And for high school sweethearts Antonio and Heather DeRose, being able to combine their shared interests in an entrepreneurial way is what makes their work so fulfilling.
“Our business is focused around our passions for cannabis, health, fitness, and travel,” Antonio says. “Fortunately for us, we’ve known each other for more than 15 years, so we make a great team.”
The DeRoses left careers in finance to launch Green House Healthy, which creates healthy experiences through educational and athletic events, including cannabis-positive fitness and nutrition classes. They’re both athletes and certified personal trainers who aim to destigmatize cannabis and share how it has changed their lives.
Heather, for example, used to be “completely against cannabis” before discovering its benefits. Now, she regularly speaks about how cannabis helps her epilepsy, PTSD, anxiety, weight management, and athletic performance.
“What we both enjoy most about working in the cannabis industry is the community,” Antonio says. “Knowing our work has an impact on normalizing cannabis, improving the quality of life for people who need it, and the overall sustainable impact cannabis can have on our planet is enough to keep us motivated every day.”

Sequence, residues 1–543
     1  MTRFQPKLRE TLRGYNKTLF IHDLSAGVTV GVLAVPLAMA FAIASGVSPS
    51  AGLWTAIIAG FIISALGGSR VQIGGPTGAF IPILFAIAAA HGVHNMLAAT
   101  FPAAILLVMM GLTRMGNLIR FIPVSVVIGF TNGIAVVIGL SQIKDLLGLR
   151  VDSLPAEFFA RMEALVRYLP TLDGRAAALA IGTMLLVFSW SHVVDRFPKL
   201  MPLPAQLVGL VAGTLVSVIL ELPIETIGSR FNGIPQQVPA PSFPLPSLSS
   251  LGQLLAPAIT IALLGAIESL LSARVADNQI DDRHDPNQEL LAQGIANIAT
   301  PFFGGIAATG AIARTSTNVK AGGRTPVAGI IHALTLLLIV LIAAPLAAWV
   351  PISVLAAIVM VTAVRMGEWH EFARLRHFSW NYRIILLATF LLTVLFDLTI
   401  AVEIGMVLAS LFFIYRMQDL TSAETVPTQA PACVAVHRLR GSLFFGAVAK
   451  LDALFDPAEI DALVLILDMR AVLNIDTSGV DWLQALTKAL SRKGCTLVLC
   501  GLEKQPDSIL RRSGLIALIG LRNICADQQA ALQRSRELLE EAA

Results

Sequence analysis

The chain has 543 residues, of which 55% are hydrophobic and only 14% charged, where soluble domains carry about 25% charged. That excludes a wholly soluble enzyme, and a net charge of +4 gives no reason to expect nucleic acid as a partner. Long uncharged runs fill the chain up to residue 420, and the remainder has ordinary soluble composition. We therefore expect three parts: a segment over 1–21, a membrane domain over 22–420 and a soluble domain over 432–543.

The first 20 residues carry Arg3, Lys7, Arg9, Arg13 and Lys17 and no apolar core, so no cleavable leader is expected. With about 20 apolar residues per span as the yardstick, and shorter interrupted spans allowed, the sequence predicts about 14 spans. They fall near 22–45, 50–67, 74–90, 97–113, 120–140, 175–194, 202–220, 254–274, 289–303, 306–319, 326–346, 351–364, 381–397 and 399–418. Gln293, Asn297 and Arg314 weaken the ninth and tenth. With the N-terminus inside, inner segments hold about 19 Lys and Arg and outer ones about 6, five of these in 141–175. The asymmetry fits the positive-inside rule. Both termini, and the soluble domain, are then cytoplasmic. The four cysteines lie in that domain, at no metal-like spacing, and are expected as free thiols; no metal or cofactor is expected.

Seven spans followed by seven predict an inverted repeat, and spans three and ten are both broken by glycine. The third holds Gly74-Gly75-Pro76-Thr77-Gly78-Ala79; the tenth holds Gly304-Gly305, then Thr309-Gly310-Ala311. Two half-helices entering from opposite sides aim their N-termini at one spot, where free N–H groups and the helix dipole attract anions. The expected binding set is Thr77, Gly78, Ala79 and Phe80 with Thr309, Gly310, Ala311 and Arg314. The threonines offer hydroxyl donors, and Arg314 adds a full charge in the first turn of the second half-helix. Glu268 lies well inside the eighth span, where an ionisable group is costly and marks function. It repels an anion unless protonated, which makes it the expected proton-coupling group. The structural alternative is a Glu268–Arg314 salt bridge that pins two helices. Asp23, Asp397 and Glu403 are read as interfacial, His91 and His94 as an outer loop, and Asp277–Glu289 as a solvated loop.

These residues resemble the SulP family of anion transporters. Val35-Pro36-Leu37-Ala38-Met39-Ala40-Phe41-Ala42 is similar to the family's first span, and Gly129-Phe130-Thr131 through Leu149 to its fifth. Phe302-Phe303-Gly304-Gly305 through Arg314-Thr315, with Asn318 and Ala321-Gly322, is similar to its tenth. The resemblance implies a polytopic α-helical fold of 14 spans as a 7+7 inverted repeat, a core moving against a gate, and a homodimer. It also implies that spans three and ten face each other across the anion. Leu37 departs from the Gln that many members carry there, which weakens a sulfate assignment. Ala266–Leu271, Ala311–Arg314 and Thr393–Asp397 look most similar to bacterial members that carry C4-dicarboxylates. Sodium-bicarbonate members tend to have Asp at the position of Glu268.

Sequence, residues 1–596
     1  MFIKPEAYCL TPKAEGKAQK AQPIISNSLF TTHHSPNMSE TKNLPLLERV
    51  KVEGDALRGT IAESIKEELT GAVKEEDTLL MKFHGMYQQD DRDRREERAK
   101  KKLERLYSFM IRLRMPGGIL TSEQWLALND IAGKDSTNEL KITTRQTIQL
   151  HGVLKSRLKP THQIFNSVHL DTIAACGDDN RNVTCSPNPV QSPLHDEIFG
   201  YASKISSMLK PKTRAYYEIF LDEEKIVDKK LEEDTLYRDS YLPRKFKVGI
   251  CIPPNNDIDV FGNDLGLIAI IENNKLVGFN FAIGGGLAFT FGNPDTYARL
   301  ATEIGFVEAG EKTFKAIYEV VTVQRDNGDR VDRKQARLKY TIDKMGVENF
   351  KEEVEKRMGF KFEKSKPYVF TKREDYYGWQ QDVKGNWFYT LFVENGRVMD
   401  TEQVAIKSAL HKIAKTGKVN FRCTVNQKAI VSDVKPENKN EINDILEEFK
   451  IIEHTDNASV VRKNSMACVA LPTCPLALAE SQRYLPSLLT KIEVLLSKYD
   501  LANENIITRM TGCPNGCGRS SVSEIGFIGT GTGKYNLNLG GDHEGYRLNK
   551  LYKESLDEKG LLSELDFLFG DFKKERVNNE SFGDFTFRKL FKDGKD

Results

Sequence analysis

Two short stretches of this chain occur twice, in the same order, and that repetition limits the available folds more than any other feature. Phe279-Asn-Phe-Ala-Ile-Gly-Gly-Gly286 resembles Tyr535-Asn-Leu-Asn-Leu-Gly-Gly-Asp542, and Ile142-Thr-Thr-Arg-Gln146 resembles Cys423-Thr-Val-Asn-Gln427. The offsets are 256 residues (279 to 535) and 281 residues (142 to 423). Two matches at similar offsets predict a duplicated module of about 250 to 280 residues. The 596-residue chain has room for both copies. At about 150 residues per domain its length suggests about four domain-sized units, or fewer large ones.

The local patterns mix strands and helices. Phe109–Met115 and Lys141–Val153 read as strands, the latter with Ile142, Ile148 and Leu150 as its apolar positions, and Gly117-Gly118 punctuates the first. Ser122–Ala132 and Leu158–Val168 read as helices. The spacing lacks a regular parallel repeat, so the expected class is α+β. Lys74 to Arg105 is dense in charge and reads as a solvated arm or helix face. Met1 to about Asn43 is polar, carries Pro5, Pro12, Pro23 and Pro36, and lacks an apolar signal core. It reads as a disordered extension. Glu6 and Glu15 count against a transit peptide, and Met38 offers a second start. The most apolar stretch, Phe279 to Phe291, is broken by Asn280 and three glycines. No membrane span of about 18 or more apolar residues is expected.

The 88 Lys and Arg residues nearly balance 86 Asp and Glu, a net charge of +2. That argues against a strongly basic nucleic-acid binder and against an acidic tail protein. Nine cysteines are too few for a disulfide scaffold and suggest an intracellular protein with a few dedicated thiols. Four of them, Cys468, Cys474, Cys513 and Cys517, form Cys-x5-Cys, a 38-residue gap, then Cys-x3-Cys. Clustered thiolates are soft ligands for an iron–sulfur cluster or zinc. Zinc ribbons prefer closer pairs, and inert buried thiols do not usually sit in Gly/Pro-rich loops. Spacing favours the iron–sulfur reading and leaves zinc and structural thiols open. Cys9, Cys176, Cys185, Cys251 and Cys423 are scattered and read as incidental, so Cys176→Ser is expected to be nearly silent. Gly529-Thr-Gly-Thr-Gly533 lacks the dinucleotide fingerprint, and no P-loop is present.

The post Six Couples Open Up About Working In Cannabis Together appeared first on High Times.
1. What is CBD? What is CBD Oil?
Cannabidiol (CBD) is a naturally occurring constituent of industrial hemp/cannabis. Its formula is C21H30O2 and it has a molecular mass of 314.4636. It is the most abundant non-psychoactive cannabinoid found in cannabis, and is being scientifically investigated for various reasons.
CBD oil is a cannabis oil (whether derived from marijuana or industrial hemp, as the word cannabis is the latin genus name for both) that has significant amounts of cannabidiol (CBD) contained within it. Our CBD products and extracts are derived from industrial hemp, so they could be considered CBD-rich hemp oil, hemp derived CBD oil, CBD-rich cannabis oil, or plainly “hemp extracts” since they typically contain much more than just CBD. Again, cannabis doesn’t mean marijuana, but is the genus name, and general umbrella term which all forms of marijuana and hemp fall under. The form of cannabis we use for our CBD and hemp extracts is industrial hemp; we do not sell marijuana.
2. If a hemp extract is 40% cannabinoids, what’s the other 60%? What’s in your hemp extracts besides the naturally occurring cannabinoids?